Written by: Tina Sendlhofer, PhD student at Misum

#tinasyear #MakeAChange

Read more:

Blog post #4

Blog post #3

Blog post #2

Blog post #1

What does fossil-free really mean?

How can traditional finance mechanisms be put to work to address sustainability challenges? According to many experts, part of the solution to climate change lies in new financing forms, and accordingly the issue has been a recurring (and hotly debated!) topic at sustainability conferences as of late. Two weeks ago, our PhD student Emilia Cederberg went to a seminar showcasing some practical examples.

As a PhD student at Misum and the Department of Accounting, and writing my dissertation on sustainable investing, one of the key perks of my job is that I “have to” follow the developments in the ESG (environmental, social and governance) field of investment. Two weeks ago I got the opportunity to join a lunch seminar where Storebrand/SPP presented their new so-called fossil-free funds.

Any endeavor to expand a portfolio offering to integrate sustainability criteria in a reliable, profitable and credible way requires a lot of quantitative work. During the presentation, Storebrand/SPP offered an exciting story of the process of deciding on the criteria for the new funds: What does fossil-free really mean, and how can it be measured? Which emissions should be included? What data is available? How can we measure improvement over time?

At the same time, fiduciary duty towards asset owners (anyone who invests, really, for pension or other savings) requires careful consideration of the impact on returns. Excluding companies that are otherwise part of a comparative market portfolio implies that the new product is less diversified, and for a sustainable investor a balance has to be struck between substantial improvement of the carbon footprint while maintaining low risk and fund fees. Being interested in the both quantitative and qualitative analytical perspectives on sustainability and investment, the seminar offered many insights into the technical complexities involved in this type of effort.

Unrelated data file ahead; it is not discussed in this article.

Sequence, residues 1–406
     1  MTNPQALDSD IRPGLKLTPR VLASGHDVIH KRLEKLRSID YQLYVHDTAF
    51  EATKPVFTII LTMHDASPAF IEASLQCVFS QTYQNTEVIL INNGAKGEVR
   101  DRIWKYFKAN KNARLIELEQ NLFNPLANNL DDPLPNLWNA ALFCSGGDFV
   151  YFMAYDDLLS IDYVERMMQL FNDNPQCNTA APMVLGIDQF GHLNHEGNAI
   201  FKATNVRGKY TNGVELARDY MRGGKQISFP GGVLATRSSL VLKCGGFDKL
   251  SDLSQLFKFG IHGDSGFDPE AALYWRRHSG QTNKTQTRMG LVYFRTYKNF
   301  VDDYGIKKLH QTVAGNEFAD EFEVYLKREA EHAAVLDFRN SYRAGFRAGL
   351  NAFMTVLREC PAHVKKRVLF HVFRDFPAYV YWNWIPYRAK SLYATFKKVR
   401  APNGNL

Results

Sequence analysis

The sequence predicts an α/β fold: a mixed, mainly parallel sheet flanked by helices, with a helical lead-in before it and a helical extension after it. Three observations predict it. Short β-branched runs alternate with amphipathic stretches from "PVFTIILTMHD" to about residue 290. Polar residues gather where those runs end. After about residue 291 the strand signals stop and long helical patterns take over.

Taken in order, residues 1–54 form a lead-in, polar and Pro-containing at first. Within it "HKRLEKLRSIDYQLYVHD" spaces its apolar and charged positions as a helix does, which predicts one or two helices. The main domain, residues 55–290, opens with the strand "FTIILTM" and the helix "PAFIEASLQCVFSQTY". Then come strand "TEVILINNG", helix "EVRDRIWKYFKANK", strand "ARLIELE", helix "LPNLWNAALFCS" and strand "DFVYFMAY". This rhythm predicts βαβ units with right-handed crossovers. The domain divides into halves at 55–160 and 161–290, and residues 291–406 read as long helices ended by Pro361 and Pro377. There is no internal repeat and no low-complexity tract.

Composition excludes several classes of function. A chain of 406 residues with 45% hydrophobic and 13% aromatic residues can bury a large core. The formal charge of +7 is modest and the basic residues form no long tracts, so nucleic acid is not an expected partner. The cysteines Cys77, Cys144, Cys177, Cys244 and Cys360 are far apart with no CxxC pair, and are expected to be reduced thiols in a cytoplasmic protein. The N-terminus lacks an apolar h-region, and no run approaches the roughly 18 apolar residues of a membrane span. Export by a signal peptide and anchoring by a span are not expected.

The seminar also covered Storebrand’s long-standing involvement in green bonds. The logic behind a green bond is the idea of leveraging the structure of the debt market to address specific environmental challenges and solutions. Issuing a green bond, a company goes to the market to get financing for specific environmental investments. As discussed at the seminar, one benefit for the lender – beyond the potential environmental improvement – is increased transparency and disclosure, since the money is earmarked for a specific project.  The lender thus now exactly what the funds will be used for. According to SPP/Storebrand, they decided several years ago that although the market was not very mature yet – and many of their peers were waiting for stronger standardization – they would take the lead. Now, a few years later the market is booming.  For anyone interested in the link between global challenges and capital markets, this is a fascinating development.

Written by: Emilia Cederberg, PhD student at Misum